Thursday, April 24, 2008

CONCERT REVIEW: CSO shines in capital of music

April 7, 2008

The Cincinnati Enquirer
By Janelle Gelfand

VIENNA – Vienna is every musician’s destination, the capital of music where Beethoven, Mozart, Haydn, Mahler, Schubert, Brahms and many more famous music-makers have lived and worked.
So whenever the Cincinnati Symphony Orchestra performs in Vienna, it is an auspicious occasion, as it was Sunday night in Vienna’s famous Konzerthaus. One doesn’t have to walk far before bumping into other monuments to music, such as the State Opera House, the Musikverein (seen on televised New Year’s Eve concerts) and the bronze statue of waltz king Johann Strauss, Jr., in the nearby Stadtpark.
For this, the third concert in three nights in three different cities, the orchestra put on an endurance test that included Shostakovich’s Symphony No. 10 and Benjamin Britten’s Violin Concerto No. 1 with Dutch violinist Janine Jansen.


Photos: CSO in Frankfurt, Vienna

You wouldn’t expect a cell phone to go off in a place that worships music so much as Vienna, but it did – in a quiet passage of the first movement of the Shostakovich. Otherwise, the concert was received with extended, enthusiastic ovations resulting in two encores by the orchestra.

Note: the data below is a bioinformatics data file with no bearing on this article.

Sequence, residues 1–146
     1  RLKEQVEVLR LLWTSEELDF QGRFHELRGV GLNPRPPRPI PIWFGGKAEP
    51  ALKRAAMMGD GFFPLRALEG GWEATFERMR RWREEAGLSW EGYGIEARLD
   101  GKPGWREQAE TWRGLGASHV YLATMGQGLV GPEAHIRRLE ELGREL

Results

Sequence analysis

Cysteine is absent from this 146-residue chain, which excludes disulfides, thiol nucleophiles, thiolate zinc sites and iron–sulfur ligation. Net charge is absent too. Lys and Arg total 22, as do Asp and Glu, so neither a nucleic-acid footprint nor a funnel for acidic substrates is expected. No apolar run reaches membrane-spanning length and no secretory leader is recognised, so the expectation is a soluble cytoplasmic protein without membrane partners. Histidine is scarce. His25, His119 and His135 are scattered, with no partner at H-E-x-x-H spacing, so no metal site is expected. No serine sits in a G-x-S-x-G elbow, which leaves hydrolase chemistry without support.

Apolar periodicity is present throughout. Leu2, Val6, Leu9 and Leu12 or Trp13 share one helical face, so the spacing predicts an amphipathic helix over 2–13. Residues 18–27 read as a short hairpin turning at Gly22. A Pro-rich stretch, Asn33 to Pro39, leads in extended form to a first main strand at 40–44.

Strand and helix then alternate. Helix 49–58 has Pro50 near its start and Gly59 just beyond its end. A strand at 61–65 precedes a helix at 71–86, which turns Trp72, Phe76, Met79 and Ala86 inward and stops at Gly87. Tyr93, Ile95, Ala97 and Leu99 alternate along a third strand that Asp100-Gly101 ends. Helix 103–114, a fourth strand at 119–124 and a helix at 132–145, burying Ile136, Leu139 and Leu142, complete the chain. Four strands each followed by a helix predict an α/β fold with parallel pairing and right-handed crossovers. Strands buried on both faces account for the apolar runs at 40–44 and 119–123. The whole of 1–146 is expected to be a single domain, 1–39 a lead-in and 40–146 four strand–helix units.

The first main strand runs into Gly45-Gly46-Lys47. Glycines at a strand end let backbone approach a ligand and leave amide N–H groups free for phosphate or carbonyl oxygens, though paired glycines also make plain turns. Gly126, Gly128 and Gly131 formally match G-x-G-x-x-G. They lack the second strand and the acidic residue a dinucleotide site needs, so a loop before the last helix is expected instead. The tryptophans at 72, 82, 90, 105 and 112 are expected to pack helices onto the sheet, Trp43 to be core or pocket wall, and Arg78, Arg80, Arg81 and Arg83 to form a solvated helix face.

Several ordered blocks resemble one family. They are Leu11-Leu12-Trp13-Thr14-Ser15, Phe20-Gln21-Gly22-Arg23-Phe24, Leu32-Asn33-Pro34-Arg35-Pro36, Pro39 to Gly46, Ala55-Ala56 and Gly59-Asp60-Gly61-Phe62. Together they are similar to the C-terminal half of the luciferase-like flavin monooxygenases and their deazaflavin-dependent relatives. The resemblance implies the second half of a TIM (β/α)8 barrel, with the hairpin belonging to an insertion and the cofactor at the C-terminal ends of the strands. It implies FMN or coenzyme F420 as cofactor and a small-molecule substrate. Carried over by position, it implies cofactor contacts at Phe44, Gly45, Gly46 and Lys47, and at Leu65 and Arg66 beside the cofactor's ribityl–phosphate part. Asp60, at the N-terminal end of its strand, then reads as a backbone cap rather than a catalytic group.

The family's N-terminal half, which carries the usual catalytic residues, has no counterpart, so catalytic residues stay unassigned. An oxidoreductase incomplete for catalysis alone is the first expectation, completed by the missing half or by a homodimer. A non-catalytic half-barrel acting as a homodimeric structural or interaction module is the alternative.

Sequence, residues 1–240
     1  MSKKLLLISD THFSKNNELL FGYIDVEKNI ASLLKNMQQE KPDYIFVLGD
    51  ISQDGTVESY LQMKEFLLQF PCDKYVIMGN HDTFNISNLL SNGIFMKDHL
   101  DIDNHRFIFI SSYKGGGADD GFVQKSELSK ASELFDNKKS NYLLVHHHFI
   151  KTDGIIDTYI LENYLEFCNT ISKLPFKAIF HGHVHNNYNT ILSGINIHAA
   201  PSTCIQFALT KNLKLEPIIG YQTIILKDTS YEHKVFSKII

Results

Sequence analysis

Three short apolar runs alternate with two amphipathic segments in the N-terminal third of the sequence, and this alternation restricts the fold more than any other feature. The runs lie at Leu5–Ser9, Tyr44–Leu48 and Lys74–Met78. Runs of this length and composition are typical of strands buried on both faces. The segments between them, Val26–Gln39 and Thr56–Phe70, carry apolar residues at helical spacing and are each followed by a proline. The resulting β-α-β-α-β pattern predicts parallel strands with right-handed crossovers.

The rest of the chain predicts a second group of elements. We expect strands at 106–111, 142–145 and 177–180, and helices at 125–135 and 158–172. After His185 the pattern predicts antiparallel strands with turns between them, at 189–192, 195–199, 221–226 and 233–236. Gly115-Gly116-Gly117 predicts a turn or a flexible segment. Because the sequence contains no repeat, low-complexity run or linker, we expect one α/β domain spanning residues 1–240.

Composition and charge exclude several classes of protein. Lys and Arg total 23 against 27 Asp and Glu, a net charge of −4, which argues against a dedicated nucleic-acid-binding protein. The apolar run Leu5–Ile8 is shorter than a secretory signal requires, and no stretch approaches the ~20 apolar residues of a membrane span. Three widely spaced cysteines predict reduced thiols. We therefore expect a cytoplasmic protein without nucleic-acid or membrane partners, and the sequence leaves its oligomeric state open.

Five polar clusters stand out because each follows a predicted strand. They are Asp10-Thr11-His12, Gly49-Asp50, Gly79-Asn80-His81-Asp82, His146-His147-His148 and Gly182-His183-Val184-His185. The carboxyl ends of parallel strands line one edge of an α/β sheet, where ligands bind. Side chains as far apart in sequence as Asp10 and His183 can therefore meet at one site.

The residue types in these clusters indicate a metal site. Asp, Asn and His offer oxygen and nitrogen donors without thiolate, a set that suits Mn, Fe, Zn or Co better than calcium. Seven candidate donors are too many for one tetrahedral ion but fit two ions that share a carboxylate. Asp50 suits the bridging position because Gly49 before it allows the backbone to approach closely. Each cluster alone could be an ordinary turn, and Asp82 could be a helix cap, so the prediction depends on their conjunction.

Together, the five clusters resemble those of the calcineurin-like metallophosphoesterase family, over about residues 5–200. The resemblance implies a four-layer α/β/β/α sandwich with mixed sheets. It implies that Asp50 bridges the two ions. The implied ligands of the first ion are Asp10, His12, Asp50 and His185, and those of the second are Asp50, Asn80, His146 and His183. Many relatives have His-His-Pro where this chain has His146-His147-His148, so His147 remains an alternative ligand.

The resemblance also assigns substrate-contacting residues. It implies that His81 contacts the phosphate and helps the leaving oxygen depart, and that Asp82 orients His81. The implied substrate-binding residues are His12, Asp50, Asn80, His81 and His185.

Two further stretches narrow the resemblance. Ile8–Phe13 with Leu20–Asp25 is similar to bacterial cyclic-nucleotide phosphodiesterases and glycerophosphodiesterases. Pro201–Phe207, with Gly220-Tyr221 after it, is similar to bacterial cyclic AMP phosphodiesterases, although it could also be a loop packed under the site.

The elegant hall, with its gilded décor, was packed for this concert, which was part of the Konzerthaus’ “Vienna Spring Festival.” The auditorium’s acoustics are excellent and bright, and were ideal for the opening piece, Arvo Pärt’s “Cantus in Memory of Benjamin Britten.” In this space, the opening bell-strike lingered beautifully and the string sound was rich. The effect was quite moving.The night before in Munich, Jansen had played Tchaikovsky. On Sunday, she switched gears admirably for Britten’s Concerto, a very different work that calls for a great deal of playing in the violin’s upper stratosphere. It was a gripping performance, from her rhapsodic, bitter-sweet opening phrases to the driving scherzo that called for an arsenal of special effects. Jansen communicated it all with tremendous intensity, emotion and absolute control.The intense mood continued in Shostakovich’s Tenth, a searing portrait of Stalin composed in 1953. Under Järvi’s direction, it was a performance of devastating power and extremes of tempo. The musicians rose to the occasion with stunning playing. The first movement conveyed both beauty and sadness, and its shattering climaxes were massive in this hall. The scherzo was a spectacular show of force in the brass, and the famous horn calls of the third movement rang wonderfully in this space (Elizabeth Freimuth). Järvi’s tempo in the finale was so quick it left you breathless, but the orchestra tossed it off with virtuosity.For the first encore, Järvi gave his Viennese audience a waltz, not Strauss, but Sibelius’ “Valse Triste.” Tina Breckwoldt, archivist for the Vienna Boys’ Choir, was impressed at the large turnout.“The orchestra is getting a name here now, because it is invited back again and again,” she said.Afterward, Järvi signed CDs and greeted the Ambassador to Estonia, Katrin Saarsalu-Layachi. Also in the crowd were his brother, Kristjan Järvi, principal conductor of Vienna’s Tonkünstler Orchestra, and his sister Maarika Järvi, a flutist.Today the orchestra has a day off. It flies to Stuttgart on Tuesday.

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